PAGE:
7. Paris, 13th District
The Beat That My Heart Skipped (2005), A Prophet (2009), Rust and Bone (2012), Dheepan (2015), and The Sisters Brothers (2018) is quite a run of films by French filmmaker Jacques Audiard. Thankfully the good form continued this year with this sensual story of love in Paris that gorgeously reflected shifting modern attitudes towards sexual identity and fidelity. Available to watch on MUBI (subscription required).

6. Titane
One of the most shockingly visceral and yet somehow exquisitely tender films of year came courtesy of Julia Ducournau’s Palme d’Or winning body-horror, Titane. The film follows a woman serial killer on the run, swapping genders, getting impregnated by a car, and deceiving a grieving father into thinking that she is his missing son. Bonkers? Yes. Brutal? Yes. Beautiful? 100% yes. Available to watch on MUBI (subscription required).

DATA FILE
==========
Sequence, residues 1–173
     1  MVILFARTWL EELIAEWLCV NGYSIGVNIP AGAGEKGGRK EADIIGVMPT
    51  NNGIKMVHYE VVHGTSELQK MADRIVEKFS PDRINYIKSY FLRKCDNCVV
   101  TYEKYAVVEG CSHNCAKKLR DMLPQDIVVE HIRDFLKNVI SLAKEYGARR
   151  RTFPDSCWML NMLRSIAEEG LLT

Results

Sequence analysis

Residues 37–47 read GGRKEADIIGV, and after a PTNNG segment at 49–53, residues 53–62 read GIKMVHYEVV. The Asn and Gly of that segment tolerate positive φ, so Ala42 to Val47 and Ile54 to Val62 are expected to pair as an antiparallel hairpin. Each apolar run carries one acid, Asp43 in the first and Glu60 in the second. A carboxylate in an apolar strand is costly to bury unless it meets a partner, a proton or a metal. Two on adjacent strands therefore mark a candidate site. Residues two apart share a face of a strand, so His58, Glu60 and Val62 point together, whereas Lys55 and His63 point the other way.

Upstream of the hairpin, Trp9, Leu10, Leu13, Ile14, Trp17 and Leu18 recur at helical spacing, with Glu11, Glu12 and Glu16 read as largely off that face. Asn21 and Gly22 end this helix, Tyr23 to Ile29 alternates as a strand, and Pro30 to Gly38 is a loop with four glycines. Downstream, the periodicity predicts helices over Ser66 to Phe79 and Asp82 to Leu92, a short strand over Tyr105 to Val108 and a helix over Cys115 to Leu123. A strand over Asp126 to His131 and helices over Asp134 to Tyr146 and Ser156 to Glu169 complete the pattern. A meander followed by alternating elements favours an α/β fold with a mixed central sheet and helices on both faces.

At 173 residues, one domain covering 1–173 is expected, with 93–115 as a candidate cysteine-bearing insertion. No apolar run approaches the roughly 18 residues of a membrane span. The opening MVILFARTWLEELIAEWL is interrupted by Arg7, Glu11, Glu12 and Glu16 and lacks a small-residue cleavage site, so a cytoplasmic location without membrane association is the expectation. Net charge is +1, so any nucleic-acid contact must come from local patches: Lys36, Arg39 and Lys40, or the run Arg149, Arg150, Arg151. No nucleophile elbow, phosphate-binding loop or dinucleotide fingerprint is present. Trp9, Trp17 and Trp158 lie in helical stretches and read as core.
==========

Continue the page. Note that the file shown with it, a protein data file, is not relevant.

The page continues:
5. Boiling Point
Shot in a single take, Phillip Barantini’s electrifying pressure cooker drama took us in the heart of a busy professional kitchen on a particularly frenzied evening. Stephen Graham is brilliantly cast in the main role, delivering a frantic performance as a head chef on the brink of a nervous breakdown. Kind of like the stress-inducing anxiety of Uncut Gems (2019), don’t watch Boiling Point if you’re in the mood for a nice, relaxing watch. Available to watch on Netflix (subscription required).

4. Moonage Daydream
David Bowie fans rejoiced when this kaleidoscopic documentary exploring the musician’s creative, spiritual, and musical journey was released into cinemas. They weren’t to be disappointed. Oscar-nominated filmmaker Brett Morgen weaves, blends, and manipulates archival footage of Bowie to present an extraordinary portrait of one of the 20th-century’s most iconic artists. See it loud and see it big! Available to rent on Apple TV.

Moonage Daydream by Brett Morgan

3. Compartment No. 6